RAAF bombers no role in Iraq civilian hit

The statement was a response to reports by eyewitnesses and local officials that as many as 200 bodies had been pulled from a collapsed building after a coalition strike last week targeted IS militants and equipment in the Jidideh district.

In the month of March so far, US -led coalition airstrikes resulted in 110 separate incidents of reported civilian casualties, allegedly killing more than 1,200 people, according to Airwars, an organization tracking airstrikes.

The Pentagon, which has yet to release casualty figures from last month's fighting, has acknowledged 220 civilian deaths from coalition airstrikes in Iraq and Syria since the US campaign against ISIS began in 2014.

Iraqi commanders say that the militants are increasingly using civilians as human shields, packing them into buildings that they are using as weapons storage facilities or as headquarters. IS militants had also fired on troops from those houses, it said.

As NPR's Alice Fordham reports, an Iraqi rescue worker, Abdelsalam Abdelkadir, said his team had recovered dozens of bodies and thinks there are many more under the rubble of a densely-populated neighborhood of western Mosul.

The focus of inquiry will be whether the coalition airstrike hit the building; whether an accumulation of airstrikes in the area degraded the structural integrity of the building before it fell; or whether the Islamic State detonated an explosion after the air strike to bring the building down.

There are still some 600,000 civilians believed to remain in ISIS-held areas.

Rather than engage Daesh in close-quarters combat in order to preserve civilian lives, the Iraqi military has long resorted to artillery and aerial bombardments, leading to catastrophic civilian death tolls.

"We are aware of reports on airstrikes in Mosul resulting in civilian casualties".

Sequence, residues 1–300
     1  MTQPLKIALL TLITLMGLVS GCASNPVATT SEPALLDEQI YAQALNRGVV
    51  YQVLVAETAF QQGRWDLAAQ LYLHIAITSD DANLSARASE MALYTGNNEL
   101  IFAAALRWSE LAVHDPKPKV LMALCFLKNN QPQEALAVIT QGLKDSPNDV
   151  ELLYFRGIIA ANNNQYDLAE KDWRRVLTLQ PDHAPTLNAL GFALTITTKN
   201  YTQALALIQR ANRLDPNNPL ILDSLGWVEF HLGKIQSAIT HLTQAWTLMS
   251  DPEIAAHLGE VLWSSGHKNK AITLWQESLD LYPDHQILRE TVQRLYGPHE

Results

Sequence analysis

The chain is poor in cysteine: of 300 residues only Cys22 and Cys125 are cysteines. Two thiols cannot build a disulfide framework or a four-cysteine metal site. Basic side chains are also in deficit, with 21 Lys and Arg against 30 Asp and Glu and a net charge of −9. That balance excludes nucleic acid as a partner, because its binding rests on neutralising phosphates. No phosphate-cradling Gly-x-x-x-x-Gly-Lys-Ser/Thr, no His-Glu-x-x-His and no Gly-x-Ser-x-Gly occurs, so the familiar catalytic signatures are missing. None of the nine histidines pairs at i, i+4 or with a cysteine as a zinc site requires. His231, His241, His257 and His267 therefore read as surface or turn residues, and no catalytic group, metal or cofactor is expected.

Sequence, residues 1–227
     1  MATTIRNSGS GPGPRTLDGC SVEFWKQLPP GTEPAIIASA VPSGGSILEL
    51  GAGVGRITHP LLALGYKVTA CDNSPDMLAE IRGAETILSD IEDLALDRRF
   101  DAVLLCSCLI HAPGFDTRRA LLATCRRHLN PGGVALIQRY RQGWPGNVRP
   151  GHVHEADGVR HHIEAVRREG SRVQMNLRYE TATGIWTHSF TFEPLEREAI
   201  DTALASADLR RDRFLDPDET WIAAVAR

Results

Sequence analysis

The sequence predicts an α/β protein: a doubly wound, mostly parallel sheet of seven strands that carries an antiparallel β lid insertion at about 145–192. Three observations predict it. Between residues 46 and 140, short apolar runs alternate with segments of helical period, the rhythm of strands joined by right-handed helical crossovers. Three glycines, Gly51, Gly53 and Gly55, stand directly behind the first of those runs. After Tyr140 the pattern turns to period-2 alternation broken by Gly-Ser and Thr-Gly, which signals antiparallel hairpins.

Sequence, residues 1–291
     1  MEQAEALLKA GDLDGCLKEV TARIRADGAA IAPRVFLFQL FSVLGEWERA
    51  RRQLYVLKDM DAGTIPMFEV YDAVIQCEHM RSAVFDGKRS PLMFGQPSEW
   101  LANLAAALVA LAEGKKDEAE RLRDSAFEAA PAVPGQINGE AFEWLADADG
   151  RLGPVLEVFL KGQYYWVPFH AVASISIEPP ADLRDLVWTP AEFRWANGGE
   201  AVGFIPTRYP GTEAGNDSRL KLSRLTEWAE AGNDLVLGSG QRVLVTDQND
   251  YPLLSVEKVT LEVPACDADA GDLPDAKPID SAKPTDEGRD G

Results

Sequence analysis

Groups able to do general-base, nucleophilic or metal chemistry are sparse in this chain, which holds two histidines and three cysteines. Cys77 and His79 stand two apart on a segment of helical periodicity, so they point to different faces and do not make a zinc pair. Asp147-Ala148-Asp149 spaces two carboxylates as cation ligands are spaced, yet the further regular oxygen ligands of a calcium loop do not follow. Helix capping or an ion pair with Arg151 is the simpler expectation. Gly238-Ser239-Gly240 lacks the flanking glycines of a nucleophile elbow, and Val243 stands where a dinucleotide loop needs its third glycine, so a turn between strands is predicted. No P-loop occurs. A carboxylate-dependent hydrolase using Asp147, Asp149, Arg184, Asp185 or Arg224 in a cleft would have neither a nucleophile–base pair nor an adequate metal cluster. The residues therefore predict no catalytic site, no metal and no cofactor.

Intense street-to-street fighting in the western section of Mosul raised concern about the estimated half a million people trapped in the area.

"He said ISIS was using people as human shields, and that he didn't know whether the strikes were by Iraq's air force or the US -led coalition against ISIS", Alice reports.

The U.S. Central Command report, however, doesn't mention strikes on March 22-23. The US military has finally acknowledged that it launched an airstrike in which residents said more than 100 people were killed.

"International humanitarian law is clear".

Al Jazeera's Hoda Abdel-Hamid, reporting from a hospital in Erbil, northern Iraq, spoke to people who confirmed they had lost family members on the air raids of March 17.

The Iraqi military has halted all offensive operations while the investigation proceeds.

Iraqi army soldiers and Hashd al-Sha'abi fighters launched their offensive to retake Mosul last October and since then they have made sweeping gains against Takfiri elements. "And now you increase the likelihood that you're going to fight this exact same fight in another city on another day".

"Nothing in this conflict is more important than protecting civilians", Grande said. "This means that combatants can not use people as human shields and can not imperil lives through the indiscriminate use of firepower", said Lise Grande, the United Nations s humanitarian coordinator for Iraq.

  • Leroy Wright